Something very strange and annoying is happening in this country, especially when business issues are discussed. People have somehow embraced the ridiculous notion that the men and women who own multiple corporations worth billions of dollars, not only are being victimized by one group or another, but are also immune to any kind of criticism. This is particularly puzzling when noticing that many suit defenders have never even worn one themselves. “Don’t you dare criticize us, you just hate us because we’re rich”, seems to be the idea animating these people. No, we don’t hate you because you’re rich. We hate you because you are greedy while pretending that you are not.
This applies to any chat about the NHL lockout.
Personally, I find demagoguery and drill instructor type noise about “bootstrapping” and “hard work” unbelievably tiresome. Work as hard as you like, but an absence of luck will keep you working…and nothing else. People are reluctant to admit that luck, not industry, is a difference maker at all, let alone the critical one. Becoming a billionaire requires more luck than James Bond could ever imagine experiencing.
But, I’m in the minority on that point, so we can shelf it.
For the record, the NHL has experienced miraculous growth since it was literally dead in a dumpster in 2005. The unknown “Outdoor Living Network” attracted a small but dedicated following, which reached a critical mass when NBC purchased the network, putting an end to that station’s testosterone titled “Versus” reign.
Forbes magazine, not anyone’s idea of a cheap socialist pamphlet, had this to say when they anticipated the “cantankerous” negotiations, or lack of which, we are witnessing now:
The average NHL team is worth 47% more than it was before the lockout thatcancelled the 2004-05 season. Let’s hope the NHL can get a more economically sound CBA without having another work stoppage. The average NHL team is worth 47% more than it was before the lockout thatcancelled the 2004-05 season. Let’s hope a the NHL can get a more economically sound CBA without having another work stoppage. Business has improved too much the past seven years.
Let me enunciate this again, because it’s important: Business has improved too much the past seven years.
On the surface, the same old gibberish amounting to “athletes are overpaid” and “owners take all the risk” might seem to hold more water than usual. But only on the surface, which many people are satisfied with.
It is true that profit margins are resembling fissures more than canyons, and this is because of player costs. The Parise-Suter signings will remind people of this. But honestly, whose fault is it SOME players are overpaid? Overpayment, by the way, is a subjective idea, held hostage by the whims of whomever is commenting, including myself.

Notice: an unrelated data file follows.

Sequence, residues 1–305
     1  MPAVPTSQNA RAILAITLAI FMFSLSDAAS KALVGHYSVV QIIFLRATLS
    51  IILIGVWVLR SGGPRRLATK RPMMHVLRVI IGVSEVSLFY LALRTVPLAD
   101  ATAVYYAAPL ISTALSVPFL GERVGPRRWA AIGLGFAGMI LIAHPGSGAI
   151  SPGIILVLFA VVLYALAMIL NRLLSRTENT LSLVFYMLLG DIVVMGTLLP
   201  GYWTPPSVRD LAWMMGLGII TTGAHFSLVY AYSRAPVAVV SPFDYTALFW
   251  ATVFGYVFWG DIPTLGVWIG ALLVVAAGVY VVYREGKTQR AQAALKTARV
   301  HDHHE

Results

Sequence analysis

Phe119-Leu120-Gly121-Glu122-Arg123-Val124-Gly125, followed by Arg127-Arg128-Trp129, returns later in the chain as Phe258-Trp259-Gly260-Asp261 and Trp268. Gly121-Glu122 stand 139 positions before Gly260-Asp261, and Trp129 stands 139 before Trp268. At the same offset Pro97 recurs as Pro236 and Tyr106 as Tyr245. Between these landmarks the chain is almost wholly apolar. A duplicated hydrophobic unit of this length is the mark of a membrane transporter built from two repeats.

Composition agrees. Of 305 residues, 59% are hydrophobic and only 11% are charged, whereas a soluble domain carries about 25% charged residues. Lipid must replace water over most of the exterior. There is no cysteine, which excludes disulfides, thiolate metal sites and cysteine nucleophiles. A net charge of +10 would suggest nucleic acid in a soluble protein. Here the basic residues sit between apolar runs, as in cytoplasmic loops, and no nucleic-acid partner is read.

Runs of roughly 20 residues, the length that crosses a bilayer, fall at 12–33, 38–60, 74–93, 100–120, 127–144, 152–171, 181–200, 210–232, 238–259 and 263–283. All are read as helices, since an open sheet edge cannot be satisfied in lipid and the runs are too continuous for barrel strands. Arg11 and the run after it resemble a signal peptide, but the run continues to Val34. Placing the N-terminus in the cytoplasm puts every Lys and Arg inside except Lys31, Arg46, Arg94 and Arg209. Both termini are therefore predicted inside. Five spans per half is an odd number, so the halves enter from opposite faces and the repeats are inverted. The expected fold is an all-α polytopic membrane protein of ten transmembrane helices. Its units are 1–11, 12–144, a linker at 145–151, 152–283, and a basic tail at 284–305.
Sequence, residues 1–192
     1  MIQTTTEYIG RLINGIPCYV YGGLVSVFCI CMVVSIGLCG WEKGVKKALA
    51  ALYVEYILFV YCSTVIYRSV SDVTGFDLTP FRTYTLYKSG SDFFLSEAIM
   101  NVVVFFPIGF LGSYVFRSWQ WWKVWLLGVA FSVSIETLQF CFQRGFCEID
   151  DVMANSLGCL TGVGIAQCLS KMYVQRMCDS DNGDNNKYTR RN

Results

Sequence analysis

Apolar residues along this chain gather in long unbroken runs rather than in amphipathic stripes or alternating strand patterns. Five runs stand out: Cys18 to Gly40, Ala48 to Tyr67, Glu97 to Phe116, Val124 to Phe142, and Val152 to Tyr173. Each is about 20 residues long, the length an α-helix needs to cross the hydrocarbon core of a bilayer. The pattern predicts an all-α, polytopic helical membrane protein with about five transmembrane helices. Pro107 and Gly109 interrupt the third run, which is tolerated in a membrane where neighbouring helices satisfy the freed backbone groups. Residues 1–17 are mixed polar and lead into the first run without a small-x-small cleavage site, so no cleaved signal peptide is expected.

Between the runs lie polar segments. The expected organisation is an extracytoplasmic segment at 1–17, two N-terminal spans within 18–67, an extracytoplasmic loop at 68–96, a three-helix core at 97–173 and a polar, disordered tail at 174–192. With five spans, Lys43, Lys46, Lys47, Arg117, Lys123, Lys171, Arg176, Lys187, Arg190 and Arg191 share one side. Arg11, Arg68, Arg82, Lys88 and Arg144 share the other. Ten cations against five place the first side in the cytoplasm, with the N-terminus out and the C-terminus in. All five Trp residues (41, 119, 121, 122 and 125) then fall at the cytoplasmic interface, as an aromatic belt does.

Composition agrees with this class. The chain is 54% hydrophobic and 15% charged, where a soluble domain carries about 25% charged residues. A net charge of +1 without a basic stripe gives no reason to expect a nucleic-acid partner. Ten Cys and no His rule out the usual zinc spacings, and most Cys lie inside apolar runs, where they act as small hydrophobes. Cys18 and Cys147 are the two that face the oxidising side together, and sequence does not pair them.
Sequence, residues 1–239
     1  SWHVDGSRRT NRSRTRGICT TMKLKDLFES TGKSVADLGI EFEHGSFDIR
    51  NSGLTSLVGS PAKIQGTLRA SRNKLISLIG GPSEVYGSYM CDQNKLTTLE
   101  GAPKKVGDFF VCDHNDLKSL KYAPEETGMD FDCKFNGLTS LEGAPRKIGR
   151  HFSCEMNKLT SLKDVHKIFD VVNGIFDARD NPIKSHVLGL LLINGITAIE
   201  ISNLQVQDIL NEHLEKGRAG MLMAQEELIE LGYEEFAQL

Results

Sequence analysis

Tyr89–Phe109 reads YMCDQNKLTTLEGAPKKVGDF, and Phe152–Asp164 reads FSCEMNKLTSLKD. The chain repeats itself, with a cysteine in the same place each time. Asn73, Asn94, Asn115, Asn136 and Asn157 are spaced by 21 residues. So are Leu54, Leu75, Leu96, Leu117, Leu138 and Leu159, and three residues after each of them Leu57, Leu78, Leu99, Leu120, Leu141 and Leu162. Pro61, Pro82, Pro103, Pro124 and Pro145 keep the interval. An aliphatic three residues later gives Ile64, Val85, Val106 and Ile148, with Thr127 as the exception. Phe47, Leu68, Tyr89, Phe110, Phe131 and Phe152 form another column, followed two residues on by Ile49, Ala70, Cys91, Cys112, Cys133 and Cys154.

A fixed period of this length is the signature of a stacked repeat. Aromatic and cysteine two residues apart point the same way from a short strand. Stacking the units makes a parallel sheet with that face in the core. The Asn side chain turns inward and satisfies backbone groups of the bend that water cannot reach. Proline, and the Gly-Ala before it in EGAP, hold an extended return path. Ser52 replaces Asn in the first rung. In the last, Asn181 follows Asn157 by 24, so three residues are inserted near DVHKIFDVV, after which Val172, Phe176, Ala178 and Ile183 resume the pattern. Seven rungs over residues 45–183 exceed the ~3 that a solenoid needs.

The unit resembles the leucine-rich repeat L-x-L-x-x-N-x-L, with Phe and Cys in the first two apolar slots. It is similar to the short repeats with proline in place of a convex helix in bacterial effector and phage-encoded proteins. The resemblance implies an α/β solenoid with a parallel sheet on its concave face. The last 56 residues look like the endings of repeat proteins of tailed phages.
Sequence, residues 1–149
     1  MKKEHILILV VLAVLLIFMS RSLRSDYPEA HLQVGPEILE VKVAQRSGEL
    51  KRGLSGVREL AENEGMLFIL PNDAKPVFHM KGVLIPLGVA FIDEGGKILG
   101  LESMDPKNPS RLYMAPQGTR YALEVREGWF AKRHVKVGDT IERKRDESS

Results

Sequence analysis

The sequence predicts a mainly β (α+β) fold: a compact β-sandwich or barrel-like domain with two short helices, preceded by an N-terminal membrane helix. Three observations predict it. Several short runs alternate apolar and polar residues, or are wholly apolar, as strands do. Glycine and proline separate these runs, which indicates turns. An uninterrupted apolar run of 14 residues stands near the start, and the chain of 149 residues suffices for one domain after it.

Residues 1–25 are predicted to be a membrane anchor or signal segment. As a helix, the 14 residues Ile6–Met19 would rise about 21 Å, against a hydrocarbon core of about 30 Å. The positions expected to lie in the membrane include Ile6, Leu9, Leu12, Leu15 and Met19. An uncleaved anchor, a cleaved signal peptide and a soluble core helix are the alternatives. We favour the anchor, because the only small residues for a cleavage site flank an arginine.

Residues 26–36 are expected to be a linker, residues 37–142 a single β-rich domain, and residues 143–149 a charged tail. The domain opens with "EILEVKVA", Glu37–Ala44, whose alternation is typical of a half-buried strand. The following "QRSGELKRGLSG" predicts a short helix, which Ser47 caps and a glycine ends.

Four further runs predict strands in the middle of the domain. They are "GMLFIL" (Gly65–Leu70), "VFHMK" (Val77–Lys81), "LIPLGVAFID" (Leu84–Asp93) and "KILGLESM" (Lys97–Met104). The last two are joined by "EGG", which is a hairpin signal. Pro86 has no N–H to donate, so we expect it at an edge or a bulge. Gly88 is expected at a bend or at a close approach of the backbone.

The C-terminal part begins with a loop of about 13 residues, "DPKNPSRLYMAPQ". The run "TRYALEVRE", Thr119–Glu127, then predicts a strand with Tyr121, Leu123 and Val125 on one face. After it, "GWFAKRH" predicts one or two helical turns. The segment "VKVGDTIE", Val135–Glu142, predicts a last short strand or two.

Craig Leipold, the owner of the Minnesota Wild who is so trigger happy with his check book that a life in the U.S. Government might be more appropriate, embodies the hypocrisy on the owner’s side of the table perfectly. This man, who shelled out Crosby-like cash to players who are not Crosby, has been one of the most consistent voices shouting “offsides” during negotiations.
Craig, if player costs are the problem, then cut player costs. I’m sure you have multiple letters after your name, but even a blogger who occasionally comes up with a clever remark can understand this basic business principle. You can’t win without spending this kind of money? Sure, you can. Hire better scouts. Draft better players.
And do owners really take all the risk? Do they risk grave personal injury? Are they one shift away from financial ruin?
Players do not have a job without owners, and owners have no product without players. So this blackmailing attitude that the players should show undying gratitude is absurd. No one pays to watch Mark Cuban get pizza on his face, except maybe for the owner of a pizzeria.
At the risk of sounding naive (perhaps it’s too late), let me raise another question: Who would you expect more honesty from? The kid next door who you grew up playing street hockey with, or the 60 year old who makes the sticks you used? Is it the ordinary person who can play hockey extraordinarily the one hatching devious schemes? Are the players reading Machiavelli or Maxim on plane rides? Do they have some incredible understanding of how to use the supply and demand economic system to their advantage?
Probably not, and that is why I am more inclined to believe someone like Jonathan Toews, when he drones away in his unassuming voice, than the cold and calculating commissioner. And this is coming from a Detroit fan who despises the Blackhawks. Looking back over the last paragraph, I don’t think I’m being naive at all.
The players are not blameless of course. They should have taken the 50-50 deal that the owners offered. Donald Fehr, by all accounts, is a cutthroat, and perhaps has brought some unhelpful baggage to these proceedings. And it is laughable when players skewer Bettman in one breath, and praise their owners in the next. “The owners are being disingenuous…except for my owner,” is what they seem to be saying.
But make no mistake. The owners got us into this mess, and are making it worse by repeatedly walking out of negotiations.
There is a Neo-Red Scare going on in America right now. The remarks I’ve made above about business owners will make me a “socialist” or maybe even…gasp, a “progressive”, in the eyes of others.
I am neither of those things. I’m a hockey fan who loves to write, I’m tired of listening to lawyers instead of announcers, and I want my sport back.
It’s as simple as that.
I began my career in hockey as a pre-scout for Cranbrook Kingswood Academy in Bloomfield Hills, Michigan. I have been writing about the NHL for multiple platforms since the 2007-2008 season.